A cross-site scripting flaw was reported against jQuery 1.4.2:
The original report notes to upgrade to version 1.11.1, which may include the fix.
It looks likely that this issue is not an issue at all, but investigations are still ongoing.
The proof of concept in the full disclosure post is not an exploit that can be run against a target as it suggests. What it is in fact is a known bad-pattern with jquery where using text() inside after() can lead to DOM based XSS. For something to be vulnerable, they would have to follow this anti-pattern in a website that used jquery.
While this is still possible to get arbitary html into a page following this pattern with the current version of jquery, and the jquery documentation specifically states: [from http://api.jquery.com/after/]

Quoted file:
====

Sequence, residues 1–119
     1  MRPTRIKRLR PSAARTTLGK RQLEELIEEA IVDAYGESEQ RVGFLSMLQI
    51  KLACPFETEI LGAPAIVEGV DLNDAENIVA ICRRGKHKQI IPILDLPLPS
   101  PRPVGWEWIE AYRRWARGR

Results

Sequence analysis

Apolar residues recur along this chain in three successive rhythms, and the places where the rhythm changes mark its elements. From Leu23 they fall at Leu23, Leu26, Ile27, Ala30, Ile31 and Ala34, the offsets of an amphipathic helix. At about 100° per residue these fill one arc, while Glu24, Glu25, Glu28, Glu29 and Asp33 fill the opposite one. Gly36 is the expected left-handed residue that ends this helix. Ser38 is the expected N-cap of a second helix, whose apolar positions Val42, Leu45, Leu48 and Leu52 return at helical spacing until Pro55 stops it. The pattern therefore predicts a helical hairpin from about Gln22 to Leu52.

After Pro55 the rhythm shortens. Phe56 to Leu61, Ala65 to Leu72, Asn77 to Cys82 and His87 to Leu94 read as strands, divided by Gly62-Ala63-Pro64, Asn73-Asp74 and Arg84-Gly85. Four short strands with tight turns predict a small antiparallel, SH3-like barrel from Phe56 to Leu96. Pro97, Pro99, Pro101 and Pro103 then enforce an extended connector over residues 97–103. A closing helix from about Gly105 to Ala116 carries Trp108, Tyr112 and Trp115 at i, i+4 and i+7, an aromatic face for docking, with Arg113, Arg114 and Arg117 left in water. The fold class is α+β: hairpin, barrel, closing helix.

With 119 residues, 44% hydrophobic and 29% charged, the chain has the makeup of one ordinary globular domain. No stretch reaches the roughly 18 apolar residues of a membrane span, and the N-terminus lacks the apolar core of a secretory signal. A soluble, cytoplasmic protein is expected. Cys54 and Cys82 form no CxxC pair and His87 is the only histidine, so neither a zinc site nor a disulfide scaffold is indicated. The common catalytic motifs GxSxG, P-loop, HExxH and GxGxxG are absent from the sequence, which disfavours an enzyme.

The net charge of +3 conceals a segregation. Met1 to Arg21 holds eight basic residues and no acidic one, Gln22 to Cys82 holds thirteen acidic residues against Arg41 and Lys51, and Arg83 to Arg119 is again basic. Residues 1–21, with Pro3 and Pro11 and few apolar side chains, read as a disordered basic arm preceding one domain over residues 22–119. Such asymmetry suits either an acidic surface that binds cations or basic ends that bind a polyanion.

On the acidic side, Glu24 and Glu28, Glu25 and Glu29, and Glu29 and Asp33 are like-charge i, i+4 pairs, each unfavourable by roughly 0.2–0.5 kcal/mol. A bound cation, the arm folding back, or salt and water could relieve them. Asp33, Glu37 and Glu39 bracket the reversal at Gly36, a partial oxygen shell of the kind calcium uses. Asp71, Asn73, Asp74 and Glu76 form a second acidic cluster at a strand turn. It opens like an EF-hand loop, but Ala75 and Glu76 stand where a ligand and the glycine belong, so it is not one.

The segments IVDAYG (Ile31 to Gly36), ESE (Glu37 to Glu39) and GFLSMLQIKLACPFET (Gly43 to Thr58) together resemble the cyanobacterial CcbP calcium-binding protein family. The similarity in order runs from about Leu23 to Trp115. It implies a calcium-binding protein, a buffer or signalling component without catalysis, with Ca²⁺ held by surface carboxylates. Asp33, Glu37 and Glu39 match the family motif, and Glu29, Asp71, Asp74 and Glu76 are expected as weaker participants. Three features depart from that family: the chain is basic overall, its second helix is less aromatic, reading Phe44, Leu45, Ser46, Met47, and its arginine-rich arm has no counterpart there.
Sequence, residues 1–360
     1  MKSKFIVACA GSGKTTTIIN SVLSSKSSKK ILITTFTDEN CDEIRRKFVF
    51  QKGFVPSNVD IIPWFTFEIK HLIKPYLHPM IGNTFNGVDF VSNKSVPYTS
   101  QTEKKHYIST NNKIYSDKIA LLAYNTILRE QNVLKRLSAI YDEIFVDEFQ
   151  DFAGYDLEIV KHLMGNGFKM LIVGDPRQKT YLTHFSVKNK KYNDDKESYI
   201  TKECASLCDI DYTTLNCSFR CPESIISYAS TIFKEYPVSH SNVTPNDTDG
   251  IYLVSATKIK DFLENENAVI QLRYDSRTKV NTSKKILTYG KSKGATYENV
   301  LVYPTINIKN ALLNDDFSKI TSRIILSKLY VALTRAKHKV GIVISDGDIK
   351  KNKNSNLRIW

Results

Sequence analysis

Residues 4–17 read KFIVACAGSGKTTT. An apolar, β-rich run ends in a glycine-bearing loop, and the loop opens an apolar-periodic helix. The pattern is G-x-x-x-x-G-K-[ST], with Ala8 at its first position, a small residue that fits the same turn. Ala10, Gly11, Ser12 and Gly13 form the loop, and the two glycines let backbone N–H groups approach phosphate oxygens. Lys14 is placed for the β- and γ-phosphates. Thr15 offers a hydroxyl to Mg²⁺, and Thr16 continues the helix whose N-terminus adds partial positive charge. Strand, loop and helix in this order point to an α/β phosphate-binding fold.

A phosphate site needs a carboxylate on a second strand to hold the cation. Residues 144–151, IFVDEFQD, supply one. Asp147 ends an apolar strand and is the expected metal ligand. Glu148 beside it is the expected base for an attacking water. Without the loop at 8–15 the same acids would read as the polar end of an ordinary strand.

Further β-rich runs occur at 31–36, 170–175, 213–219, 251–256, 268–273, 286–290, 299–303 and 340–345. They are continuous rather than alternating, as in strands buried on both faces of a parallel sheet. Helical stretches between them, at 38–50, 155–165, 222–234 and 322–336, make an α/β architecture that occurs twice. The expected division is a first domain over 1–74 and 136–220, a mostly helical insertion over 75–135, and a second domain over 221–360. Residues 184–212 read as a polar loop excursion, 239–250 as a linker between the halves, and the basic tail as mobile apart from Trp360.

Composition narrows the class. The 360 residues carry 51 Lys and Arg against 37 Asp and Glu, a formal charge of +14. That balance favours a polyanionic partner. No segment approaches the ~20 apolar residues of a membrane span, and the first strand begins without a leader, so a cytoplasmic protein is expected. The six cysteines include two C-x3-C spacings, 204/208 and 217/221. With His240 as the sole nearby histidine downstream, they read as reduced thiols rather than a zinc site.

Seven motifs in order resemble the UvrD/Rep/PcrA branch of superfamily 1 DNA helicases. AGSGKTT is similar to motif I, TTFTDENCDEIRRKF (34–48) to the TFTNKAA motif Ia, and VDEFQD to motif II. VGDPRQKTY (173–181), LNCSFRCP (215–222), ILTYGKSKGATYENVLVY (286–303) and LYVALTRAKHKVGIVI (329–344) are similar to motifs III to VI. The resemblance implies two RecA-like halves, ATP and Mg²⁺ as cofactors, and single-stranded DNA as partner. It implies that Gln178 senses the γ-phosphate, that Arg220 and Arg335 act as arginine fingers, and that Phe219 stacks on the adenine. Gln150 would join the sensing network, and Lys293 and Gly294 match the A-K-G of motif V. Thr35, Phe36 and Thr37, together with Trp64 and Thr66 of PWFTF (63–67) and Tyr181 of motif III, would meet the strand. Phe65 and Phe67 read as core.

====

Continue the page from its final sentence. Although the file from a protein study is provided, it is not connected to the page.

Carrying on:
By design, any jQuery constructor or method that accepts an HTML string — jQuery(), .append(), .after(), etc. — can potentially execute code. This can occur by injection of script tags or use of HTML attributes that execute code (for example, <img onload="">). Do not use these methods to insert strings obtained from untrusted sources such as URL query parameters, cookies, or form inputs. Doing so can introduce cross-site-scripting (XSS) vulnerabilities.
Jquery 1.6 and up (several years old now) actually added specific hardening that looks to block <script> tags.
CVE-2014-6071 was assigned for this report.
Red Hat Product Security determined that this flaw was not a security vulnerability. See the Bugzilla link for more details.